The Emergence of Morphology - a Constructivist Approach

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    On the Typology of Inflection Class Systems

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    Inflectional classes are a property of the ideal inflecting-fusional language type. Thus strongly inflecting languages have the most complex vertical and horizontal stratification of hierarchical tree structures. Weakly inflecting languages which also approach the ideal isolating type or languages which also approach the agglutinating type have much shallower structures. Such properties follow from principles of Natural Morphology and from the distinction of the descendent hierarchy of macroclasses, classes, subclasses, subsubclasses etc. and homogeneous microclasses. The main languages of illustration are Latin, Lithuanian, Russian, German, French, Finnish, Hungarian and Turkish

    First tentative conclusions on the early development of verb morphology

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    In these conclusions we can deal only with some of the tentative comparative results of the workshop papers on the early development of verb morphology. The main focus is on criteria of how the child detects morphology and how this emerging morphological competence develops in its earliest phases. In view of the purpose and tentative character of these conclusions, all references will be limited to the papers of the workshop and to earlier studies by workshop participants within the "Crosslinguistic Project on Pre- and Protomorphology in Language Acquisition". Much more will be given in the projected final publication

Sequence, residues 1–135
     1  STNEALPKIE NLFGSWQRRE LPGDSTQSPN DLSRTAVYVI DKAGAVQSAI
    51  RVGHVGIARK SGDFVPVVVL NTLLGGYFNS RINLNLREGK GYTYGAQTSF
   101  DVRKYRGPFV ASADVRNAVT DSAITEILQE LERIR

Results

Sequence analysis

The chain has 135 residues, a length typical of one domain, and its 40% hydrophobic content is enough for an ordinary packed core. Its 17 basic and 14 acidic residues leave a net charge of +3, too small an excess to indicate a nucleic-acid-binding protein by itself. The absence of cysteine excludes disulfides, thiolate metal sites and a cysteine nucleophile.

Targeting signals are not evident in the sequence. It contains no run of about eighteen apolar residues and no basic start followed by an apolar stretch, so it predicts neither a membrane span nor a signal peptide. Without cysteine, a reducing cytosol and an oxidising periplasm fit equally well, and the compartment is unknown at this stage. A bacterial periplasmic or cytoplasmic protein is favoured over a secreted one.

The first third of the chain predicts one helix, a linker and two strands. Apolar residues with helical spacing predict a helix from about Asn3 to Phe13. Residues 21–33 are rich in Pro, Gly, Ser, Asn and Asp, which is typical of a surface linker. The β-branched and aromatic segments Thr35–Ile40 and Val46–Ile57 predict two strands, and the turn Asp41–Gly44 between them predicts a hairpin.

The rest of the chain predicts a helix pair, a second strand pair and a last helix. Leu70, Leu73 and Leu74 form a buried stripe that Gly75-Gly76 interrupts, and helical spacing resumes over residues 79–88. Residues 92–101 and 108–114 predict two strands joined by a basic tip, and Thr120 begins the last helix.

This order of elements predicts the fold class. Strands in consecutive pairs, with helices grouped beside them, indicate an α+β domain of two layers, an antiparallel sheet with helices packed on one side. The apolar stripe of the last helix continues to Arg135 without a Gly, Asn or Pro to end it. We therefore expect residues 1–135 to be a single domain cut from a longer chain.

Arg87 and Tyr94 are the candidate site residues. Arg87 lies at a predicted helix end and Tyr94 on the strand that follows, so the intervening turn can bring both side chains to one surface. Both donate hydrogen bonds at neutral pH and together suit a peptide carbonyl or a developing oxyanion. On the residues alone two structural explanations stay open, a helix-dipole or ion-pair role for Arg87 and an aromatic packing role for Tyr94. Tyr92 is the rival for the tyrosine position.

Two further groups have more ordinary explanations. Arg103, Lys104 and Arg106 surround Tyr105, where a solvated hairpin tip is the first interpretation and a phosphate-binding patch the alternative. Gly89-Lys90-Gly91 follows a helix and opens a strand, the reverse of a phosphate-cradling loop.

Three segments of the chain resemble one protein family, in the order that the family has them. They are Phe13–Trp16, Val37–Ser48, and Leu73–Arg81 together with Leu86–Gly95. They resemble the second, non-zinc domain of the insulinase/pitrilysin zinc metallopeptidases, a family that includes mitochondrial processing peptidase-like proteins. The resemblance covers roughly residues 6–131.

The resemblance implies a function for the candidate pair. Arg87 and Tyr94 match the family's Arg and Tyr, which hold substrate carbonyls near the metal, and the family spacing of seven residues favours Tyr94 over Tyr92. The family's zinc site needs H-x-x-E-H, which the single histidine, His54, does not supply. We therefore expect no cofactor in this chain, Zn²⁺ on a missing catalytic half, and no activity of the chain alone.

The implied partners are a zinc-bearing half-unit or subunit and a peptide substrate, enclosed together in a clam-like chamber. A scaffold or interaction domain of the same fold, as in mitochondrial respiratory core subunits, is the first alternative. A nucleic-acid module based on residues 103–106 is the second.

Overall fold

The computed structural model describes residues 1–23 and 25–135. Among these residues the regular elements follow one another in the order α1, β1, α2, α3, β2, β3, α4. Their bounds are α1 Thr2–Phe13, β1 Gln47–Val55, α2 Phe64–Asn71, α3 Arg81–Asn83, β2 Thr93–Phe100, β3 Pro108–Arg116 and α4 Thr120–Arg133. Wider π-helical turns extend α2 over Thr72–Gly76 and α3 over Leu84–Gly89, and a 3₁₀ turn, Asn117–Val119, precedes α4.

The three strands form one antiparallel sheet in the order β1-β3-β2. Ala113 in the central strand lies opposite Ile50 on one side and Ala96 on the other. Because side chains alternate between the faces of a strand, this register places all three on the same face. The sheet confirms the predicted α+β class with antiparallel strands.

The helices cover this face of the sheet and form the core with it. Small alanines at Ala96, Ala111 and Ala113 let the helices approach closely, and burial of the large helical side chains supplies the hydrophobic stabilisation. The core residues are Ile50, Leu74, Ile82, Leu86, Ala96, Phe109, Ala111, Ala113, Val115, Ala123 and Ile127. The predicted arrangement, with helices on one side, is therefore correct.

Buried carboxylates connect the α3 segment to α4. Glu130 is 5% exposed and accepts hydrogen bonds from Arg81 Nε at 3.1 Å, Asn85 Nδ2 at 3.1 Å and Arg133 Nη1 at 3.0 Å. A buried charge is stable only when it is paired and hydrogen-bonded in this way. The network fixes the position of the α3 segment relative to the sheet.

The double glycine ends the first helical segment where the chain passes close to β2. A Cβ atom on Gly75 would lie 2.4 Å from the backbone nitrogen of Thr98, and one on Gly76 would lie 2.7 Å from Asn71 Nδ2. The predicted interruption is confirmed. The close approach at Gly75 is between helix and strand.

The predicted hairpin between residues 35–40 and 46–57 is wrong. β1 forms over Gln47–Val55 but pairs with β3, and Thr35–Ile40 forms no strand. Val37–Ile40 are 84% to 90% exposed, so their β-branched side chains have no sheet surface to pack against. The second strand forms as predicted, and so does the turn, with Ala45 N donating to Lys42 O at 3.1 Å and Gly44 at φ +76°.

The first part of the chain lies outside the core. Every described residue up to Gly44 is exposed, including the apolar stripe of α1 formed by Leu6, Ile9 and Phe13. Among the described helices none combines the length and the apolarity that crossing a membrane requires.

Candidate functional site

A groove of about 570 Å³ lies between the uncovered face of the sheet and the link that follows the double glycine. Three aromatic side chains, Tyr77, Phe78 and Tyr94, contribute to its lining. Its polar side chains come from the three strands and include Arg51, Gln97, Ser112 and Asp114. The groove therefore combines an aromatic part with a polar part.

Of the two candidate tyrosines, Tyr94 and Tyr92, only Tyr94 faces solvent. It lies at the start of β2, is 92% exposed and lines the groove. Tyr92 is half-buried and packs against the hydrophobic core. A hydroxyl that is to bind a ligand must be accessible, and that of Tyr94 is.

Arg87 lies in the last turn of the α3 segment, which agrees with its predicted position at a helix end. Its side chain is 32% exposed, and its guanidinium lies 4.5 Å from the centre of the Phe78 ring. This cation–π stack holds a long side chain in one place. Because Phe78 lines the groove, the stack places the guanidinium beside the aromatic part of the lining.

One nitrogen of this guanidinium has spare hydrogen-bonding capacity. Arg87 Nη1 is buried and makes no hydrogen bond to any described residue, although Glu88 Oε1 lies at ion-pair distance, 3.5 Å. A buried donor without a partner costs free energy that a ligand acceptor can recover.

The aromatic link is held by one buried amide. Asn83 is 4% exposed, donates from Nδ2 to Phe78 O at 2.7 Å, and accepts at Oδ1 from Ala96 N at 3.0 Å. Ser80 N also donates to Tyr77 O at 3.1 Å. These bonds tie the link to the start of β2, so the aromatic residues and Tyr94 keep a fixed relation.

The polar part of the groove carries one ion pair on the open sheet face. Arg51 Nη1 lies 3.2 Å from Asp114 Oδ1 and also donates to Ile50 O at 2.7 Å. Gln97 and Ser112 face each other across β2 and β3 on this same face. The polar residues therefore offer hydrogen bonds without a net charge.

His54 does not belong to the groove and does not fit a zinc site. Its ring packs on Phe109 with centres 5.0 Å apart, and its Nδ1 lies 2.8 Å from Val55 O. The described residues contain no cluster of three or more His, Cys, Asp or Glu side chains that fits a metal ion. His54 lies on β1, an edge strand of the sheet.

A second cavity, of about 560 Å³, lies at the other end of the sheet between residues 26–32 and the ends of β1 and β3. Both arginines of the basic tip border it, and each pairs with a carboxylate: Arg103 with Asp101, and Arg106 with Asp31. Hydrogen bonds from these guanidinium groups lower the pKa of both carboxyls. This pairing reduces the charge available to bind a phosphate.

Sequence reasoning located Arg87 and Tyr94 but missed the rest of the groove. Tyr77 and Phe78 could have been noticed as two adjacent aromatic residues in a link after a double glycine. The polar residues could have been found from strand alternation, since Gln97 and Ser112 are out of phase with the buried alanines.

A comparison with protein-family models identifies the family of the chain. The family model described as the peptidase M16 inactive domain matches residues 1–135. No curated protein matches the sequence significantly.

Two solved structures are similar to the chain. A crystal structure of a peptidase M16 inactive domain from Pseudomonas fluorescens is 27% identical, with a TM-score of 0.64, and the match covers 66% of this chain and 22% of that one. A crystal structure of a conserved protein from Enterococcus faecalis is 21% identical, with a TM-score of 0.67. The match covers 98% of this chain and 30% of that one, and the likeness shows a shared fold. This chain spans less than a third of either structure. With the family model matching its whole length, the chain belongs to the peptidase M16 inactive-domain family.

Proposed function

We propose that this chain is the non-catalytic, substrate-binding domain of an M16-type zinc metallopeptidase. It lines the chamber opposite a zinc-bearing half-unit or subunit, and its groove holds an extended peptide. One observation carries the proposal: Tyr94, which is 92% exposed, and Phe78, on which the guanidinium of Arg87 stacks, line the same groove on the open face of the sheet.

A contrastive analysis of verbal inflection classes in Polish and Croatian

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    The main goals of this contribution are 1) to propose and to illustrate a new model of identifying inflection classes, which is based on inflectional productivity, 2) to show the importance of language contact studies for the identification of productivity, 3) to elaborate on the consequences for contrastive typology, 4) to define and contrast morphological richness of two closely cognate languages: Polish and Croatian

    A contrastive analysis of verbal inflection classes in Polish and Croatian

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    The main goals of this contribution are 1) to propose and to illustrate a new model of identifying inflection classes, which is based on inflectional productivity, 2) to show the importance of language contact studies for the identification of productivity, 3) to elaborate on the consequences for contrastive typology, 4) to define and contrast morphological richness of two closely cognate languages: Polish and Croatian